Brain Stimulation Shows Promise Against Alzheimer's
German pilot study found four of six patients kept, improved their memories one year later
The German study didn't compare the treated patients to a "control" group of other patients with Alzheimer's who didn't undergo deep brain stimulation, making it difficult to know if the treatment actually had any effect.
The researchers reported there were no severe side effects from the brain stimulation itself, although the devices malfunctioned in two patients, requiring them to undergo surgeries to implant the electrodes again.
The German researchers report that they've received funding from various drug and medical device companies, and one co-author reports co-holding patents on a type of brain stimulation and being a shareholder of a company that plans to develop new stimulators.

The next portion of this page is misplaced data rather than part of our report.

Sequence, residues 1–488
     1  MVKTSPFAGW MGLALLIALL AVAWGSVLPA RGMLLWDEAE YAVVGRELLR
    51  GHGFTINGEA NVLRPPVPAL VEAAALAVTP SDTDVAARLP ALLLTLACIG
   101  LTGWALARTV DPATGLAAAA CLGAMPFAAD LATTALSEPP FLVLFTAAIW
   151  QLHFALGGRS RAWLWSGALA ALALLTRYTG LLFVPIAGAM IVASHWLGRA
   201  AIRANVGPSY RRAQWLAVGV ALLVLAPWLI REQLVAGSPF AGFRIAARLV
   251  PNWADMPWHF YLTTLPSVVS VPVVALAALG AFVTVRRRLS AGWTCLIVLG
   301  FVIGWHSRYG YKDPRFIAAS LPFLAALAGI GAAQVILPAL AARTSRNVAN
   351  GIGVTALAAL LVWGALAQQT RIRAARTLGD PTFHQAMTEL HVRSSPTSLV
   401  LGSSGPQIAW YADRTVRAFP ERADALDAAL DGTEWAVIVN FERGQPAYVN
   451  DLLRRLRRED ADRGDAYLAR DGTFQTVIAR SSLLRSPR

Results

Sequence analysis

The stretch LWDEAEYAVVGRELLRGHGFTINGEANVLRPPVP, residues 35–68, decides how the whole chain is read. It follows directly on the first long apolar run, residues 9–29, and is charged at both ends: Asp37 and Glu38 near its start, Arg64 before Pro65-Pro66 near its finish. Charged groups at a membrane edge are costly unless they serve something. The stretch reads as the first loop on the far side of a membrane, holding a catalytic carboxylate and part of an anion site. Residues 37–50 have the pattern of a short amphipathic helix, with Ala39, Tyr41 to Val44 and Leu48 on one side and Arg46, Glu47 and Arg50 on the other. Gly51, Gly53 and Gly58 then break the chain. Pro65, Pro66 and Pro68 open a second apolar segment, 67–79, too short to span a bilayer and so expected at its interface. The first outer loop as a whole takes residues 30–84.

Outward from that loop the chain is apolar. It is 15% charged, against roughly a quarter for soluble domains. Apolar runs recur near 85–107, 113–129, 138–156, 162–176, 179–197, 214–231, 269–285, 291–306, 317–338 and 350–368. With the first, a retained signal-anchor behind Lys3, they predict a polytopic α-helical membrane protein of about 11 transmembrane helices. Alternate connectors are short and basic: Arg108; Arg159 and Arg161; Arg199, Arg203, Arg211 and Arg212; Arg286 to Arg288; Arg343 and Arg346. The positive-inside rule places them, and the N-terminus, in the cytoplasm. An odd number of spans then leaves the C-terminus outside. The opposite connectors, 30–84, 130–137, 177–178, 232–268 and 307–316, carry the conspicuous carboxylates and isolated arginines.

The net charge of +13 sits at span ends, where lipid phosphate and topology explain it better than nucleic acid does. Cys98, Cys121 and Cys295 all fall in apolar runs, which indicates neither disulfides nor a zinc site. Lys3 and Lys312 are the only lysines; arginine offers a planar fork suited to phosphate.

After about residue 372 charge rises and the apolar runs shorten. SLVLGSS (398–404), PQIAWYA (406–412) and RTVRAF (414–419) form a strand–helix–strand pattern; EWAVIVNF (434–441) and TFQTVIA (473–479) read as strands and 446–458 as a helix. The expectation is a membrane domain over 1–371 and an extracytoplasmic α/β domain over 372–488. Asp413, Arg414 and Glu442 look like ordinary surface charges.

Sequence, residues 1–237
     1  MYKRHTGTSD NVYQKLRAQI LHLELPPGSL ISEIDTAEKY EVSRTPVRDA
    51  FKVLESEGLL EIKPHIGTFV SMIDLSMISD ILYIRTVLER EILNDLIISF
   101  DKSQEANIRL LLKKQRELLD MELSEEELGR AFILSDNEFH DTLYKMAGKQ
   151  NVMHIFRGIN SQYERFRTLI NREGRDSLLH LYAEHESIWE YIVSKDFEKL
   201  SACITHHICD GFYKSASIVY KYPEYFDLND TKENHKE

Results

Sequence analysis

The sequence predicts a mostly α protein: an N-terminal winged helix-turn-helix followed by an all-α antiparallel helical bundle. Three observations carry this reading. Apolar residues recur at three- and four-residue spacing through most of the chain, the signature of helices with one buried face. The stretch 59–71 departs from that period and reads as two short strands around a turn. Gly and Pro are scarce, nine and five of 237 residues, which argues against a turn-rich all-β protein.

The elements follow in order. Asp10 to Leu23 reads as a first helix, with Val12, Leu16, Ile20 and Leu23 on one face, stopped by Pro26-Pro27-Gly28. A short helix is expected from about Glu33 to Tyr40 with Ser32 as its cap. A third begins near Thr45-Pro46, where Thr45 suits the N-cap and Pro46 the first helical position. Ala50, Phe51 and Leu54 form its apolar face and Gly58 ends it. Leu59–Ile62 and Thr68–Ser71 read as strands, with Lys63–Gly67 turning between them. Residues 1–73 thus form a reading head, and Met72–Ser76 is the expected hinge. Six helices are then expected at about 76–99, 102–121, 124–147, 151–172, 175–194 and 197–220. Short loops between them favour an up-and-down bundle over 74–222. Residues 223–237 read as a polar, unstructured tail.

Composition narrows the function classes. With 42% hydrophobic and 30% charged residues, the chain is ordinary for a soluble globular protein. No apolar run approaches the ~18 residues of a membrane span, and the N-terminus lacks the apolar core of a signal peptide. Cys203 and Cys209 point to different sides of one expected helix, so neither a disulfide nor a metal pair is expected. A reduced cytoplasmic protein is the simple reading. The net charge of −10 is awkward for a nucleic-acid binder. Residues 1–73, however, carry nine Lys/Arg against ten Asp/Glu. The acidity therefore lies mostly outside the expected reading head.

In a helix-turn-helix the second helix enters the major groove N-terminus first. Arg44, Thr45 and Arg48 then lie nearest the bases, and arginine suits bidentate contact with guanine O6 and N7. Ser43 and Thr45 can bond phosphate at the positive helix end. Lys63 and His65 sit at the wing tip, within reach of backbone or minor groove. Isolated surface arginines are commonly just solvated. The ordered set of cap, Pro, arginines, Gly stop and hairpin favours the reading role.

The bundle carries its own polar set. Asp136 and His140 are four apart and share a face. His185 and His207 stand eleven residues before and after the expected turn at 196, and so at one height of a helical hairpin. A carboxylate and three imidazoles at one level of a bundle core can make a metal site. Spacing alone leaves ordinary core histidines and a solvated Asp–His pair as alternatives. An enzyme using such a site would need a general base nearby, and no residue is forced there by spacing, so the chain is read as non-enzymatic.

Last week, the Functional Neuromodulation group announced that their new research project has enrolled its 42 patients. Some of the patients will undergo stimulation of a part of the brain linked to memory; the others will have a device implanted but it will not be turned on.
The idea is to help a brain "circuit" work properly again, Brown University's Salloway explained. The treatment may even coax the creation of new neurons and connections in the brain.
As for cost, Salloway said Medicare covers brain stimulation for Parkinson's patients. "The biggest cost is the surgery for the implantation," he said. "Then there would be ongoing care, but hopefully the person doesn't need a lot of care and maintenance."
Osorio pointed out that deep brain stimulation is "not the therapy of choice" for Parkinson's disease, and is only used in select cases. He predicted that brain stimulation will be a second or third "therapy of choice" for Alzheimer's if it's even shown to work since it requires surgery to implant the electrodes.
The new German study appears in the May 6 online edition of the journal Molecular Psychiatry.